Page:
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Never dunk your chip in someone else’s ketchup: The dos and don’ts at the dinner table in 2020

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After recent research revealed diners’ pet hates when it comes to others trying to sample food from their plates, Brian Stormont takes a look at the new rules of modern dining in this new hygiene-focused world.

In recent years we have become much more relaxed as a nation when it comes to dining, with elbows on the table, for instance, no longer the enormous “no no” it used to be.

However, with the outbreak of coronavirus seeing people become more aware of hygiene and conscious of the space around them, behaviours around sharing food seem to be shifting.

According to Food Standards Scotland, there is no evidence to suggest that transmission of Covid-19 can occur through the foodborne route, but, it seems, despite that, people are even less likely to be sharing.

Recent research suggests that, as a nation, we hate sharing food, with a resounding 67% agreeing that if you want something, you should order it yourself.

A survey of 2,000 British adults, revealed that taking a bite of someone’s burger is the worst food crime, with 52% of the nation and Joey from Friends agreeing nothing is ruder.

Nicking a chip from a fellow diner’s plate came in close second place (50%), and deciding you’ve no room for pudding, then digging into your companion’s dessert came third (49%).

Taking a handful of crisps from someone’s packet, when politely offered one or two (49%), helping yourself to a friends’ naan bread when you didn’t order any (41%) and having a try of someone else’s food when they’ve nipped to the loo (47%) also made the list of things which make us see red at the dinner table.

Many people admit to being guilty of food crimes.

Grin and bear it

However, the poll by pie brand Pukka, found a polite one in five (19%) will grin and bear it when someone helps themselves to avoid arguments.

And one in 20 Britons (4%) confess they are inclined to commit food crimes themselves, so do not have a leg to stand on when friends and family take a bite of their food.

Commissioned by pie maker Pukka, the study found that an exception to the rule is date night, as over half (52%) of Brits are happy to share their food with their beloved – in fact 31 % admit they really enjoy it.

The data found that half of the nation admits to regularly experiencing “food share fear”, but it isn’t only that which proves problematic.

A survey commissioned by software partner to the hospitality industry, Fourth, revealed how technology has crept into the modern-day dos and don’ts of dining, with texting on your phone, taking pictures of each dish, holding your knife like a pencil and speaking with your mouthful named as restaurant “no-nos”.

Some 60% of of people have been left disgusted by their fellow diners’ etiquette when enjoying a meal, such as clicking their fingers to get the waiter or waitress’s attention.

The poll of 1,500 adults also discovered one in 10 were embarrassed by their own partner’s behaviour while eating out, while 11% had to apologise for their ill-mannered parents.

One in 20 diners was found to have complained that their red wine was warm, while 5% believed a finger bowl was “fancy clear soup”!

And 7% said they were embarrassed if friends begin a sing-song with fellow diners, while a third of us have had to put up with an extremely drunk person in the party.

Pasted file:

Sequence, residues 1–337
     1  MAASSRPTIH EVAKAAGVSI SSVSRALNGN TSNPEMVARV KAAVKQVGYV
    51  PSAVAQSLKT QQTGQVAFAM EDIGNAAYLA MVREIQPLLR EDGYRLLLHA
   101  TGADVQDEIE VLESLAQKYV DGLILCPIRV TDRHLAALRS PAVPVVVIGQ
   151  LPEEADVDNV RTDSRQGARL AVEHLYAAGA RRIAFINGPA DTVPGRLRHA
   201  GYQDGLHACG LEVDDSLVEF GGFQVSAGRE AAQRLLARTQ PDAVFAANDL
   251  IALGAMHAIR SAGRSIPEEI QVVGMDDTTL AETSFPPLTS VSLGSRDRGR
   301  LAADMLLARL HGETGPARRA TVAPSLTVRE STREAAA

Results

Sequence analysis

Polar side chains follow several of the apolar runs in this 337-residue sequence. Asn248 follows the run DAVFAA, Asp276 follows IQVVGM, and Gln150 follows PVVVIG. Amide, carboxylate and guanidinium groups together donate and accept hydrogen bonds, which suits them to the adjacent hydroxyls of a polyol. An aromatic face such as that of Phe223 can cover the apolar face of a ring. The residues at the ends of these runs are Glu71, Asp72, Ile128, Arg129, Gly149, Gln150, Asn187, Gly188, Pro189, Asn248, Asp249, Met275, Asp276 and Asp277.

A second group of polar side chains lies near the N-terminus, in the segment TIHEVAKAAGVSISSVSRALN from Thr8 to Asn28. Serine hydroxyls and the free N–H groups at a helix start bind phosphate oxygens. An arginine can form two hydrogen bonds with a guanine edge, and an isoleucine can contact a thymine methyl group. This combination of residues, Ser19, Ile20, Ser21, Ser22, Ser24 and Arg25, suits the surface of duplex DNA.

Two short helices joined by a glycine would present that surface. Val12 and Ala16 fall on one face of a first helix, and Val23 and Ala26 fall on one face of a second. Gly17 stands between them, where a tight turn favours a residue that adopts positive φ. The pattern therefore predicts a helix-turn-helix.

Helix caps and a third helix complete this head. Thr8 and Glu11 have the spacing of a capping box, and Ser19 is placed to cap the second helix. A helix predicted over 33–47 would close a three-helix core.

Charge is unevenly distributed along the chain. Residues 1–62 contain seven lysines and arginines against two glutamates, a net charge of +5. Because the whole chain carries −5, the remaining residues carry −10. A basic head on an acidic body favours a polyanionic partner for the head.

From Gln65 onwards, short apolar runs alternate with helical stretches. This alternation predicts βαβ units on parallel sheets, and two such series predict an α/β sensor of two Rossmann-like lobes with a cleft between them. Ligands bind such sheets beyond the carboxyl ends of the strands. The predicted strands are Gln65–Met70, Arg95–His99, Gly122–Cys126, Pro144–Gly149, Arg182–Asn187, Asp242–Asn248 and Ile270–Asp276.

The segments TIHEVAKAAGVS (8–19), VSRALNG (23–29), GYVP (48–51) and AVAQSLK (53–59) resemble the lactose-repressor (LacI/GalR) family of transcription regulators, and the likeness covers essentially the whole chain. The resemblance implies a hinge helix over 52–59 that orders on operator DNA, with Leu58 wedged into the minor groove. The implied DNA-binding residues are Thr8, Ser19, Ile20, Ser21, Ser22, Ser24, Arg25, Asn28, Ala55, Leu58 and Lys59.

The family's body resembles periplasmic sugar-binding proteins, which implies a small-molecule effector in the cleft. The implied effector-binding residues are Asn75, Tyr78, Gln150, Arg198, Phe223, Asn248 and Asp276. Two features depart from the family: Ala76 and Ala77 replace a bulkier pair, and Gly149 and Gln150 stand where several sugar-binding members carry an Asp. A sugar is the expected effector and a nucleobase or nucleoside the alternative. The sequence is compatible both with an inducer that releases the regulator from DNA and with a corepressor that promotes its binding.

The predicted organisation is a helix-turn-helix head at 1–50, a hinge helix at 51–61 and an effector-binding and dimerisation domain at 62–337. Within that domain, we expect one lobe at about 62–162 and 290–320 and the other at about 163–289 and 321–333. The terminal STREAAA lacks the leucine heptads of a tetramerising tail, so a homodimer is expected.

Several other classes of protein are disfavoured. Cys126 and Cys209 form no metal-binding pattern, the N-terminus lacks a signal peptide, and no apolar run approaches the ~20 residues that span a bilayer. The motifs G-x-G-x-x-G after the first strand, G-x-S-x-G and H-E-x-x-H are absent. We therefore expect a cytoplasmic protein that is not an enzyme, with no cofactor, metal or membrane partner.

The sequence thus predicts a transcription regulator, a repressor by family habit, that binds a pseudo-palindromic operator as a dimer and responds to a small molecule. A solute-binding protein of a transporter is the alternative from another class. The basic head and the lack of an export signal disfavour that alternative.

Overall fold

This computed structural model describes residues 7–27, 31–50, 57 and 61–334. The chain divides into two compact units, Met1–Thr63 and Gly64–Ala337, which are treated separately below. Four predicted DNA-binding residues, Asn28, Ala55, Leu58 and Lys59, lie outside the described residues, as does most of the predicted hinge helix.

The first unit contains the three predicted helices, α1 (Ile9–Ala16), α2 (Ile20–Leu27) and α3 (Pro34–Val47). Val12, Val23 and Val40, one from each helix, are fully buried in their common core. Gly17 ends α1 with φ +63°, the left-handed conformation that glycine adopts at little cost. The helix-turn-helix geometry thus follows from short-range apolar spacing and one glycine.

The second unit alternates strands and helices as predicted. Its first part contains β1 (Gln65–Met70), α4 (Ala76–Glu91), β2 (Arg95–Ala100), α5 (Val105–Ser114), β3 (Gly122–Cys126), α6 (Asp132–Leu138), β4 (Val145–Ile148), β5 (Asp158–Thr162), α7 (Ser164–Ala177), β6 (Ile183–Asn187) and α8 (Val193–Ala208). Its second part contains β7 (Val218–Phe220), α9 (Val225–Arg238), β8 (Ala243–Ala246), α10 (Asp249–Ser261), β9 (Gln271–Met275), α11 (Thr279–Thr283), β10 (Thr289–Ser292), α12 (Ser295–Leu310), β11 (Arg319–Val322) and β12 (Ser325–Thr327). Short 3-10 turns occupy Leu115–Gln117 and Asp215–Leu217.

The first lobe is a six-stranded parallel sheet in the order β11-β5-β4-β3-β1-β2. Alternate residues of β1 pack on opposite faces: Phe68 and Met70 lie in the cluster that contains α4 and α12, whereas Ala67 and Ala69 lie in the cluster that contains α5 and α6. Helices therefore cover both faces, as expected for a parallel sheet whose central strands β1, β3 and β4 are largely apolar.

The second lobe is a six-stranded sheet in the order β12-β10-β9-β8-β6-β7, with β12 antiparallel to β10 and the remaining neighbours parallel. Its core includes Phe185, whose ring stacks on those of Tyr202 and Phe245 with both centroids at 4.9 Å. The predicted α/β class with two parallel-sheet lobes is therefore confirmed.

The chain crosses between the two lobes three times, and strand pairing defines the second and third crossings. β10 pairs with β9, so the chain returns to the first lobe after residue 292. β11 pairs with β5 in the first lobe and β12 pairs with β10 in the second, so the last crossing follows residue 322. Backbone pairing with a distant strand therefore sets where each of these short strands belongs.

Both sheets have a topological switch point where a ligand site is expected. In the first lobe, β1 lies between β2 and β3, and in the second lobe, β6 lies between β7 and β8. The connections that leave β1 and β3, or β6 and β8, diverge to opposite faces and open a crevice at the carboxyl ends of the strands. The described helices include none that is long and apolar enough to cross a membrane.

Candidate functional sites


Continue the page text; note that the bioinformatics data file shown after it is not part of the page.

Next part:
Simple rules to stay safe

Although the risk of contracting coronavirus through food consumption is thought to be low, according to Food Standards Scotland we should all follow some simple hygiene rules as a matter of course.

Risk from contaminated food: Coronavirus spreading through food is highly unlikely. However, it is advised that all normal good hygiene practices should be followed when preparing food, for instance ensuring that you wash your hands regularly, that your work surfaces are clean and you avoid cross-contamination between cooked and raw foodstuffs.

Risk from infected food handlers: The main source of transmission of Covid-19 is through contact with another person so it is highly unlikely that the virus could be contracted through food prepared elsewhere. People working in the food industry are advised to ensure that they follow normal hygiene practices and ensure their preparation surfaces and food packaging are in a clean environment to prevent transmission of the disease through their products.

Risk from contaminated food contact materials: Evidence suggests that the risk from food contact materials is very low. Good hygienic practices should already be in place during the manufacturing stages to significantly reduce the risk of contaminating any food contact materials and articles.

Advice on infection control when handling food: It is important to follow good hygiene practice at all times when handling food, taking the following precautions to prevent the spread of infection – wash hands thoroughly throughout the preparation of food, in particular after coughing or sneezing, after going to the toilet, before eating and drinking.

Hand sanitiser gels can be used in addition to hand washing, but should never be used as a substitute to hand washing.

If possible, try to minimise direct hand contact with food by using tongs and utensils. Gloves can be used to minimise direct contact with food but they, too, can become contaminated with bacteria in the same way as hands so are not a substitute for good personal hygiene and hand washing.

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